Serving Larchmont Village, Hancock Park, and the Greater Wilshire neighborhoods of Los Angeles since 2011.

Metro Publicizes Draft Plan for First/Last Mile Improvements Near New Purple (D) Line Subway Stops


For the last year, Metro has been studying the areas within a roughly half-mile radius of the three new Purple (D) Line subway stations at Wilshire/La Brea, Wilshire/Fairfax, and Wilshire/La Cienega, to figure out what kinds of improvements to streets and sidewalks in those areas would make the paths to the new stations safer and more comfortable for pedestrians and bikers.  And last week, Metro representatives discussed their new draft plan for these “first/last mile” improvements at a community Zoom meeting.

Opening the meeting, Metro planner Renee Ho outlined the three areas studied in the First/Last Mile project.



And she explained that following this and one more community presentation in late August, the draft plan – which includes an Executive Summary, “core documents” showing more specific pathway maps and a list of specific projects, as well as a “rough order of magnitude” cost estimate – will be presented to and voted on by Metro’s board of directors at its September meeting.


Creating the Plan


Bill Delo, from Metro’s consultant IBI Group, explained that Metro collected data for the plan using several techniques.  First, stakeholder interviews and roundtable discussions produced lists of suggested improvements, along with a map showing how frequently stakeholders said they would travel to/from the stations along specific routes.



Then, Delo said, community walks were used to create a “heat map” showing how frequently specific concerns were mentioned at specific locations in the target areas.



At that point, Delo said, the planners consulted two different “toolkits”:  one with items that could be used for pedestrian improvements, such as bus stop improvements, landscaping and shade, new or improved crosswalks, pedestrian lighting, sidewalk and curb extensions, street furniture, traffic calming measures, and wayfinding signs…



…and one with items that can improve bike pathways, including sharrows (painted arrows on streets that share both bike and car traffic), bicycle boulevards (slower streets that are specifically enhanced for bike travel), designated bike lanes, protected bike lanes, shared use paths away from the street, bike-friendly intersections (with designated areas for bikers to wait for traffic light changes), and mobility hubs with secure bike parking, repair facilities, and more.



Project Maps


Delo explained that the half-mile radius areas around each station represent what is usually a 15-minute walk to or from the station.  He said Metro specifically studied the “pathway networks” in those areas – the routes people will most commonly use to get to and from the subway stations – and then plotted the suggested improvements along each of the most-used pathways.  The result is a set of six maps that form the heart of the improvement plan – one each for pedestrian and bike improvements, near each of the three new station locations.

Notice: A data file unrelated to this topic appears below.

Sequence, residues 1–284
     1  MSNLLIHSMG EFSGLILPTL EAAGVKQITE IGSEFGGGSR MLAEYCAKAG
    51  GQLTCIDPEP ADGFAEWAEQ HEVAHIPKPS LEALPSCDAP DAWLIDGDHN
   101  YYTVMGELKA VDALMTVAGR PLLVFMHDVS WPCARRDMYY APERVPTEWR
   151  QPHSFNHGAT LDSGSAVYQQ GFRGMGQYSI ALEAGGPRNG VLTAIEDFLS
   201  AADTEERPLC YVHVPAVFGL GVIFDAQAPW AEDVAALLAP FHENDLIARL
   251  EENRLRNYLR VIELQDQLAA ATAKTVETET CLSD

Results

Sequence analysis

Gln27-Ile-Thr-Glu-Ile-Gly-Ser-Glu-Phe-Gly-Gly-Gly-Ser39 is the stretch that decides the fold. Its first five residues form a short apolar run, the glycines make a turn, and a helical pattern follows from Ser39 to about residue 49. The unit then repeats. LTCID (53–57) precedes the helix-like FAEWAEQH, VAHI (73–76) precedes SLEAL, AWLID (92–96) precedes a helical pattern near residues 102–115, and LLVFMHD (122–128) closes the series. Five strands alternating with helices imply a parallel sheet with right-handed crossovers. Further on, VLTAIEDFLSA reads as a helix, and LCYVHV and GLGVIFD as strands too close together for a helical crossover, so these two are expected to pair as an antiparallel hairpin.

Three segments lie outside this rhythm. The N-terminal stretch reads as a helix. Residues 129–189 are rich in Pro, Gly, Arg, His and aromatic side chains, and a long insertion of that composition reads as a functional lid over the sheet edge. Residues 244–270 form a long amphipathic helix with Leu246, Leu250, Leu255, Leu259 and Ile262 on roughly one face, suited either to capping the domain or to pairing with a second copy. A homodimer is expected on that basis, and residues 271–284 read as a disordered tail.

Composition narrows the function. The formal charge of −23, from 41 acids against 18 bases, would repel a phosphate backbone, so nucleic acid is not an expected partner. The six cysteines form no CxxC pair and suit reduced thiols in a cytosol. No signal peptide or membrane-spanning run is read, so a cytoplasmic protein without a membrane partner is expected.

For example, in the La Brea station area, Delo said pedestrians will most likely use major arterial streets Wilshire Blvd. and La Brea Ave. …but also several “pathway collector” streets such as 6th St., 8th St., Cochran Ave. and Mansfield Ave.  So each of those paths were mapped with the kinds of single (“spot”) or larger area (“corridor”) improvements – such as bus stop improvements, new crosswalks and more that could be implemented along each route.




The same was done for bicycle paths heading to/from the La Brea Station, which were mapped with potential locations for sharrows, bicycle boulevards, bike lanes, and protected bike lanes.



And the process was repeated for the Wilshire/Fairfax station area, for both pedestrian and bike pathways…




…and for the Wilshire/La Cienega station-area pedestrian and bike pathways:




Interactive Mapping Tool


Finally in last week’s formal presentation, for those who would like to study the data even further, Chad So, from Metro’s design consultant Here LA, introduced the interactive mapping tool that was created to aggregate the data collected in the research phase of the project, plot the locations for specific improvements suggested by stakeholders, and create the draft project maps shown above.

The mapping tool is fully public and available to anyone who would like to explore the various layers of data, zoom in to specific locations in any of the three study areas, and see how it all fits together.



Next Steps


To learn more about the First/Last Mile draft proposal, you can visit the project website, read the draft plan and/or sign up for the second online community presentation on August 24 at 2 p.m.

The public is also welcome to attend the two Metro meetings where the project will be discussed and voted on in September:



And finally, for even more information, or to submit a comment on the plan or any of its specific elements, you can attend any of the upcoming meetings, contact senior project director Jacob Lieb at [email protected], or contact [email protected].


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Elizabeth Fuller
Elizabeth Fuller
Elizabeth Fuller was born and raised in Minneapolis, MN but has lived in LA since 1991 - with deep roots in both the Sycamore Square and West Adams Heights-Sugar Hill neighborhoods. She spent 10 years with the Greater Wilshire Neighborhood Council, volunteers at Wilshire Crest Elementary School, and has been writing for the Buzz since 2015.

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